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Hangzhou Administration for Industry and Commerce fines 42 companies 860,000 RMB for collusion in a tendering process for demolition services

    • Competition, EU and Trade - Competition e-briefings


    According to a report by the Hangzhou local media, the Hangzhou City Xiaoshan District Administration for Industry and Commerce (“AIC”) has fined 42 entities RMB 20,000- 40,000 (£2,200 - £4,400) each for collusion in a tendering process for property demolition services. This was the first investigation into bid-rigging undertaken by the AIC in the field of demolition.

    In August 2012, the Xiaoshan auto repair company opened up a property demolition project to public tender. Following the announcement, a total of 44 bidders from the urban counties of Hangzhou (and from places further afield such as Sichuan and Chongqing) registered to take part in the tender.

    In order to secure the contract for his own demolition company, one of the bidders, Mr Qian, sought to engage another bidder, Mr Pan, as an intermediary to arrange a meeting with all of the tender participants.  At that meeting, it was decided that Mr Qian’s company would win the tender.

    Mr Qian agreed to pay RMB 430,000 to Mr Pan, who would then pass on RMB 10,000 on to each participating bidder provided that the agreed outcome was successfully implemented.  

    On opening day, only 21 of the 44 registered bidders actually participated in the tender, with one company being disqualified for failing to meet the requisite criteria, another unwilling to collude and so withdrawing from the process voluntarily, and the remaining 21 companies not participating for various reasons. Mr Qian bid in accordance with the approved negotiations and eventually won the bid.

    Following the AIC’s investigation, Qian and his fellow 41 conspirators were fined a total of CNY 860,000 in administrative penalties.


    Bid-rigging is one of the four anti-competitive practices prohibited by the PRC’s Anti-Monopoly Law (“AML”), which is enforced by the State Administration for Industry and Commerce (“SAIC”) and local AICs.  There have been suggestions that, despite the recent increase in registered offences under the AML, the current penalties are insufficient to deter bid-rigging given China’s economic development and more should be done to ensure enforcement of these provisions.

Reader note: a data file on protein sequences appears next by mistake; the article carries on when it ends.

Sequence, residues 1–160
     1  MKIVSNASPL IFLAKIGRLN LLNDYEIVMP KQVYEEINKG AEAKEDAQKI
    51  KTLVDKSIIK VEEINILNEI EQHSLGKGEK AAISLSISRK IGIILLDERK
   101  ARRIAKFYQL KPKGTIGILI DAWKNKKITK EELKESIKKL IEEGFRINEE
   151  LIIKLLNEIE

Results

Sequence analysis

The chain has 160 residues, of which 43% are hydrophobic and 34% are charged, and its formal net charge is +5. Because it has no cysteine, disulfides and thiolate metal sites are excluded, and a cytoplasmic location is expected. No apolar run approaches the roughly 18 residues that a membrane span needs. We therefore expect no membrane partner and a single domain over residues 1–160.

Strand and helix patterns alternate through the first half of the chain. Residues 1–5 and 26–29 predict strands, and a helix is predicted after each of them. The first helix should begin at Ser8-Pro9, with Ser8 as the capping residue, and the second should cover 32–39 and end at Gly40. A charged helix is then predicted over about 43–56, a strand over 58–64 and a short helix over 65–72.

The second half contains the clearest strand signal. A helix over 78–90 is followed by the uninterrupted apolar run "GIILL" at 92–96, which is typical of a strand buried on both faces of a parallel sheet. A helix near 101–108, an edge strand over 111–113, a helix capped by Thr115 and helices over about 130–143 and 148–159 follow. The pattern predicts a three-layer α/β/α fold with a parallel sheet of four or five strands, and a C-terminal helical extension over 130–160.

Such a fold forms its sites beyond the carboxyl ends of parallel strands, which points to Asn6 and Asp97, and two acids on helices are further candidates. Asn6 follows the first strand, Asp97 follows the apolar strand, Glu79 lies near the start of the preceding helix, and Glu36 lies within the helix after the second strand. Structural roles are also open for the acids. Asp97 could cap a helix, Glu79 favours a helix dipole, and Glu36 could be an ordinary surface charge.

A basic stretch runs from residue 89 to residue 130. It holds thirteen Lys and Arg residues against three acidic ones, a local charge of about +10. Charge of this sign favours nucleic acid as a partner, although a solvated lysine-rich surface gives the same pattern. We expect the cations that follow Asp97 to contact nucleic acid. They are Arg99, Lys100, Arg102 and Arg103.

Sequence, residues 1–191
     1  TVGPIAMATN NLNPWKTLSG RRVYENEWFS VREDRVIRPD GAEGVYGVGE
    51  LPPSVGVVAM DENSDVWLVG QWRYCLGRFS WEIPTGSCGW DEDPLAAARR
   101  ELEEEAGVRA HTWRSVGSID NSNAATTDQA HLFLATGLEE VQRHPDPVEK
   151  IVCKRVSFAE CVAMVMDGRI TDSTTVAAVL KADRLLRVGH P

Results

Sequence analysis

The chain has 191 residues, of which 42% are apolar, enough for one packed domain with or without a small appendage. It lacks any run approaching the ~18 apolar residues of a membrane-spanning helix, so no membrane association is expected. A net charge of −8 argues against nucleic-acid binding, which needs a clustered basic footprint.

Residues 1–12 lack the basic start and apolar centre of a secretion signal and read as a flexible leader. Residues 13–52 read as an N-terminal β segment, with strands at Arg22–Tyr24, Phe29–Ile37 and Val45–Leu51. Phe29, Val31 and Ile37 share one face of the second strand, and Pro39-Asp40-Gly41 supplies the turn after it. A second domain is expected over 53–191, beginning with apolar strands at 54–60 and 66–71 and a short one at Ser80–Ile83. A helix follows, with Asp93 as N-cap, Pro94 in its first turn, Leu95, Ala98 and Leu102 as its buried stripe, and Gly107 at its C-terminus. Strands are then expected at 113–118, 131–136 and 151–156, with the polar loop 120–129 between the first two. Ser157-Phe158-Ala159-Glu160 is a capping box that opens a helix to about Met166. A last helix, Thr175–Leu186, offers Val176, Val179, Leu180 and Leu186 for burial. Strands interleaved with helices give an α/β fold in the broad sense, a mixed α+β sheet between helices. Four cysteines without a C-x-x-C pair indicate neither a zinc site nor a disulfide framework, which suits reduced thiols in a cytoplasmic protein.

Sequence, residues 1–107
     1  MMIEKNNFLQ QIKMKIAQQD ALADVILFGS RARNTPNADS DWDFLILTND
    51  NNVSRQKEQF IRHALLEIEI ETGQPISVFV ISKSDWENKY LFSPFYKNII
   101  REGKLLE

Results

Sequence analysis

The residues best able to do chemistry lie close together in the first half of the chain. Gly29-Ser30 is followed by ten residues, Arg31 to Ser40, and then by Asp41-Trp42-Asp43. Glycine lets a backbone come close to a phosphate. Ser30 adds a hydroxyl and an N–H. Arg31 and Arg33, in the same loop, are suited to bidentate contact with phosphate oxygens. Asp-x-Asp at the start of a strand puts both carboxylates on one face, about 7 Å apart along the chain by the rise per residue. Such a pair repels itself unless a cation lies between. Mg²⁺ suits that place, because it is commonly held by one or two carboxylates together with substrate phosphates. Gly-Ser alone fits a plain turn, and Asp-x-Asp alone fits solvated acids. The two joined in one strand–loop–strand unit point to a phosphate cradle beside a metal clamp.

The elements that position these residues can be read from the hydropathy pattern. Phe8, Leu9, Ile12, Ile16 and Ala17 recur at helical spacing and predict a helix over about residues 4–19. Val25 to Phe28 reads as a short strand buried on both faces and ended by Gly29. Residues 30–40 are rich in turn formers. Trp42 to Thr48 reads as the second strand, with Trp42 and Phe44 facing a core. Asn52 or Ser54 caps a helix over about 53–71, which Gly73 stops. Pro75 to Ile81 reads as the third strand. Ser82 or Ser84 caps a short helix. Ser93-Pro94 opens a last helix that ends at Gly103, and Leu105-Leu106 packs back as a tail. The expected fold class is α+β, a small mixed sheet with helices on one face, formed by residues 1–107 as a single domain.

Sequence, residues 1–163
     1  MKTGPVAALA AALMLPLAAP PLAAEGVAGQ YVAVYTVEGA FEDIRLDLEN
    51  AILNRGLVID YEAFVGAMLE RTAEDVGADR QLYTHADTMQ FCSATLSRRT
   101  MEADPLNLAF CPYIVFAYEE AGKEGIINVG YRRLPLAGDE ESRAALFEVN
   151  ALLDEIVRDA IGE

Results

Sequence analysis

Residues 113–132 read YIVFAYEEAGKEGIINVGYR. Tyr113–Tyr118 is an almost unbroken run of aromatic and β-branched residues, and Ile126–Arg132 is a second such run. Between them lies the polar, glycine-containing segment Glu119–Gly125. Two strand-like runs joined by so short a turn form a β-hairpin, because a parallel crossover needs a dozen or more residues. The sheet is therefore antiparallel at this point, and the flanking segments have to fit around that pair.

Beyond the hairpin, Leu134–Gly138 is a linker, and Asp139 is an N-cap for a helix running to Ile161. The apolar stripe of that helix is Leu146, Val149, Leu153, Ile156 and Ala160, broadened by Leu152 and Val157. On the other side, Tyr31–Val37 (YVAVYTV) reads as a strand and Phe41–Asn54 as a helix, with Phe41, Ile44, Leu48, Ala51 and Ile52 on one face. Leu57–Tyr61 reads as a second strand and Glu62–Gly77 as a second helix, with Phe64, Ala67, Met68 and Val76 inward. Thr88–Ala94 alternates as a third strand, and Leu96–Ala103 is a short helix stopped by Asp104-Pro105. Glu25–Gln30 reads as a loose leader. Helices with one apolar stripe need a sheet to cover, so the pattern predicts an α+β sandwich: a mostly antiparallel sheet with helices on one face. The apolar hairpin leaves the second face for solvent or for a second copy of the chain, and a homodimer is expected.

Under the AML, SAIC and local AICs are able to punish parties found guilty of anti-competitive conduct with fines of up to 10% of their sales revenue in the previous year.  Although the total fine in this case is considerable, due to the number of companies involved, the individual fines imposed on the conspirators fall at the lower end of the penalty scale.  This could suggest that the local AICs are taking too lenient an approach towards offenders.

    However, the level of fines imposed individually might also reflect the fact that this was a localised agreement only relating to one particular tender - rather than being a widespread agreement across many cities or many different tenders.  It would be interesting to see what fines would be imposed by SAIC or a local AIC if either were to uncover a more widespread example of bid-rigging – such as that seen in the construction industry in England. 

    Despite the fact that, individually, the fines were quite small, the decision is still significant as it shows that local AICs are monitoring compliance with the AML and are willing take action to enforce the provisions of the AML themselves, without turning to SAIC for assistance. 

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